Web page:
October 25, 2014 / 9:39 PM / 3 years ago

Anti-Occupy mob roughs up Hong Kong journalists

Anti-Occupy protesters hold candles and a Chinese flag as they gather to oppose actions of pro-democracy groups in Hong Kong October 25, 2014.Damir Sagolj

HONG KONG (Reuters) - Three journalists were roughed up on Saturday evening in Hong Kong after being confronted by pro-government protesters holding a rally to oppose a four-week long "Occupy" movement of the financial hub's streets by pro-democracy demonstrators.

Hong Kong has been roiled by a tenacious, student-led people's movement demanding full democracy in the former British colony that returned to Chinese rule in 1997.

But the protracted "Occupy Central" civil disobedience movement has also sparked clashes with police and has come under attack from sometimes hostile groups and sections of society who have condemned the disruptions to traffic and business, including blue-collar workers such as taxi and truck drivers.

In the latest sign of simmering tensions, more than 1,000 "anti-Occupy" supporters gathered to denounce the pro-democracy protesters close to the harbor front Star Ferry pier.

Many chanted slogans like "Give me back Hong Kong!" and "Clear the streets immediately!" during the evening rally.

While there were not direct clashes between the two camps on this occasion, small groups of protesters, many wearing blue ribbons as a symbol against the yellow ribbon-wearing student activists, directed their ire at journalists on the scene.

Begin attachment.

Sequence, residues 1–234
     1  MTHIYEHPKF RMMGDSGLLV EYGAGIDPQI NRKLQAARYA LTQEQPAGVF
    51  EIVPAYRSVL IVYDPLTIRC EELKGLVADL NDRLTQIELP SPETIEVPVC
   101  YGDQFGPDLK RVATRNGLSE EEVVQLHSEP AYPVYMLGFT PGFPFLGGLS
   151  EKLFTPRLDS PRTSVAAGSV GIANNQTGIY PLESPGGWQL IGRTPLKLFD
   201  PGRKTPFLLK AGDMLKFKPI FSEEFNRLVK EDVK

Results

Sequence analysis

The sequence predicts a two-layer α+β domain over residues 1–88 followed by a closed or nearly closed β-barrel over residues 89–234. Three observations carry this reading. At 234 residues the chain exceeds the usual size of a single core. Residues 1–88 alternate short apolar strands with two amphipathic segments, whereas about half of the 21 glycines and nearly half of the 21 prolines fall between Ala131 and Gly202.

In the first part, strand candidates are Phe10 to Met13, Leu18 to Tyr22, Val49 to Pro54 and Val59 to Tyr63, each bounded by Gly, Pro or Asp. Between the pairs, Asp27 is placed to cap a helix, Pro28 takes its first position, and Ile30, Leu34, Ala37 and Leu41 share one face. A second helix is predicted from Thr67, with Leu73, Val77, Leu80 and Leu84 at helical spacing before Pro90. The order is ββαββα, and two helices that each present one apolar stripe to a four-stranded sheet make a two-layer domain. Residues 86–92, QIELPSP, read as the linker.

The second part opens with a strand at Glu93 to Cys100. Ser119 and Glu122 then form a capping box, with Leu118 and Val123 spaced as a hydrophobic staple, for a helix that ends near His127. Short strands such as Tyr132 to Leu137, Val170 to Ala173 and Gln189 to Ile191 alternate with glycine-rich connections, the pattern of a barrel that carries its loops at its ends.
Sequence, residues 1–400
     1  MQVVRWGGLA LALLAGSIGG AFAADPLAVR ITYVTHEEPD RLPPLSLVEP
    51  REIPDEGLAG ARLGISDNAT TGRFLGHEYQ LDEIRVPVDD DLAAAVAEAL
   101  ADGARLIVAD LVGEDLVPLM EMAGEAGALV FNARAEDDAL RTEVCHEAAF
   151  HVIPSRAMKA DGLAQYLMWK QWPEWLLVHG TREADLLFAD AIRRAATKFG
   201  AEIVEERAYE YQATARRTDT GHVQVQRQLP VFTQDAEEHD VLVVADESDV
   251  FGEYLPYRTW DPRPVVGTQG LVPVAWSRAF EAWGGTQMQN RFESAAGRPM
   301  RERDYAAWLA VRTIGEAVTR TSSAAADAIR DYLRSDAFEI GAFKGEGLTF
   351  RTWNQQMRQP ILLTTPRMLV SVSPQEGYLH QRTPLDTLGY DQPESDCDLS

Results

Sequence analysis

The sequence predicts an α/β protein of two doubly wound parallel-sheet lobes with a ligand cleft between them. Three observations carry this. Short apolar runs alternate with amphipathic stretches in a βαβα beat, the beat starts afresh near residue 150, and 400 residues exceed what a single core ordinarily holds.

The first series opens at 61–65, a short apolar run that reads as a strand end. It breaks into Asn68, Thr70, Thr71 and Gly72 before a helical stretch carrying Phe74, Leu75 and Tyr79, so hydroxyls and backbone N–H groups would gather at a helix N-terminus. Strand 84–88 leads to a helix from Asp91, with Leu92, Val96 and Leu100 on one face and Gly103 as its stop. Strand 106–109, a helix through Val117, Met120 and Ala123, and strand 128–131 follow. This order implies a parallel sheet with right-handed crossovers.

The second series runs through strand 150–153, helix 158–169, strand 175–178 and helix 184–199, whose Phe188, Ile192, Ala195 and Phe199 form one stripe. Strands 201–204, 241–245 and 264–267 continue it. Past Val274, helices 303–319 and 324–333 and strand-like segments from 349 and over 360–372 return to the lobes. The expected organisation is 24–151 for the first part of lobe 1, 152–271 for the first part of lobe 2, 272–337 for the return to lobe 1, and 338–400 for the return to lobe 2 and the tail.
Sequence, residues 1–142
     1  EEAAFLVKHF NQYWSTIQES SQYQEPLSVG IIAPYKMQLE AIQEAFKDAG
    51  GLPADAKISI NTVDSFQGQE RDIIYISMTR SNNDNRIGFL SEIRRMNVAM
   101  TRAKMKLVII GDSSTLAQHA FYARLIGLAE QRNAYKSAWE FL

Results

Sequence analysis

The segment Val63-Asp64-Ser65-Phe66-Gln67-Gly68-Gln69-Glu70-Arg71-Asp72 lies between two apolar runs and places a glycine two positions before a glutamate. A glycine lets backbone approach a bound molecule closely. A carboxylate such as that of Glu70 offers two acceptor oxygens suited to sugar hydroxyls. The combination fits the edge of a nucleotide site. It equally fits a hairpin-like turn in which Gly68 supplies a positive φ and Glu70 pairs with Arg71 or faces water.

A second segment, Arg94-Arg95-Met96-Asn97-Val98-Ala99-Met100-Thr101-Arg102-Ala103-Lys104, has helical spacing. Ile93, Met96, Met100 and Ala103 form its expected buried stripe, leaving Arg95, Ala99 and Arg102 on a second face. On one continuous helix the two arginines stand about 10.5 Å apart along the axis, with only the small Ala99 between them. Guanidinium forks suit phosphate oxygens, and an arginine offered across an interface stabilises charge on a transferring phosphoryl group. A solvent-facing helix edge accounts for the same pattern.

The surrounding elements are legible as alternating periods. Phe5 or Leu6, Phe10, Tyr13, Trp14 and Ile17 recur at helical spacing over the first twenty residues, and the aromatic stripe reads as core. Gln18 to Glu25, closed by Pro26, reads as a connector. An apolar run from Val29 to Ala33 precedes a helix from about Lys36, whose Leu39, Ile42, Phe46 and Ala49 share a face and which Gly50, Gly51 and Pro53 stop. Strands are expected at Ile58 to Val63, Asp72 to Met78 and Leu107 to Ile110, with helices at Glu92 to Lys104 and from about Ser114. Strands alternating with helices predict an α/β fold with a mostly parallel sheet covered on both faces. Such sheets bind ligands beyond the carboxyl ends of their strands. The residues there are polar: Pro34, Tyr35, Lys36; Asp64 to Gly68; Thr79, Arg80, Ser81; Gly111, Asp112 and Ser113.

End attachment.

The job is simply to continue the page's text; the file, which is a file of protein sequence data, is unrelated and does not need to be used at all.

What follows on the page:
During heated exchanges, a cameraman and reporter for the city's largest free-to-air television station, TVB, were surrounded and harassed by hostile crowds, some of whom pushed them around, tore off the reporter's tie and snatched off a pair of glasses from the cameraman amid shouting and cursing.

The pair eventually had to be escorted from the melee by police officers.

A female reporter for Hong Kong's public broadcaster, RTHK, Wong Wing-yin, was also kicked on the leg and body by blue ribbon supporters after being pushed to the ground. She was taken to hospital.

RTHK and its program staff union condemned the attack, while a spokesman said the station would take legal action.

Over the past month, leaders of the blue ribbon campaign have openly threatened the largely peaceful pro-democracy protesters with violence, leading in some cases to the forceful clearance of road barricades by angry mobs and street fights in the gritty district of Mong Kok, which has become the scene of some of the ugliest violence between the two sides.

Police say some of anti-Occupy attacks had been co-ordinated and involved triads or local organized criminal gangs.

The pro-democracy occupation movement, which has lasted beyond many people's expectations despite intense government, police and public pressure, was sparked by Beijing's decision in late August to rule out free elections for Hong Kong's next leader in 2017, insisting instead that candidates be screened by a committee stacked with Beijing loyalists.

The turmoil presents the Chinese leadership with one of its biggest political challenges since it crushed pro-democracy protests in and around Tiananmen Square in 1989.

Hong Kong's leader, Leung Chun-ying, reiterated over the weekend that he would not resign after local business leader and politician James Tien said he should consider doing so.

China rules Hong Kong under a "one country, two systems" formula that accords the former British colony a degree of autonomy and freedoms not enjoyed in mainland China.

Hong Kong's so-called people's umbrella movement escalated late last month after police used tear gas, batons and pepper spray on unarmed demonstrators, many of whom held up nothing more than umbrellas to try to defend themselves.

Thousands of protesters remain camped out in a sea of tents on a major highway close to government headquarters in Admiralty and in lesser numbers in the shopping and densely populated districts of Causeway Bay and Mong Kok.

Additional reporting by Damir Sagolj and Farah Master; Writing by James Pomfret; Editing by Lisa Von Ahn

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